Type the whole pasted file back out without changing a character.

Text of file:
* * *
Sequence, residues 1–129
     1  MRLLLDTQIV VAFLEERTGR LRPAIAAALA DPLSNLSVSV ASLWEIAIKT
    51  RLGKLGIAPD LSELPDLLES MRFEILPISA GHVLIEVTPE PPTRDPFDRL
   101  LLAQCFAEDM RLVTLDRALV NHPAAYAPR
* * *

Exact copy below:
Sequence, residues 1–129
     1  MRLLLDTQIV VAFLEERTGR LRPAIAAALA DPLSNLSVSV ASLWEIAIKT
    51  RLGKLGIAPD LSELPDLLES MRFEILPISA GHVLIEVTPE PPTRDPFDRL
   101  LLAQCFAEDM RLVTLDRALV NHPAAYAPR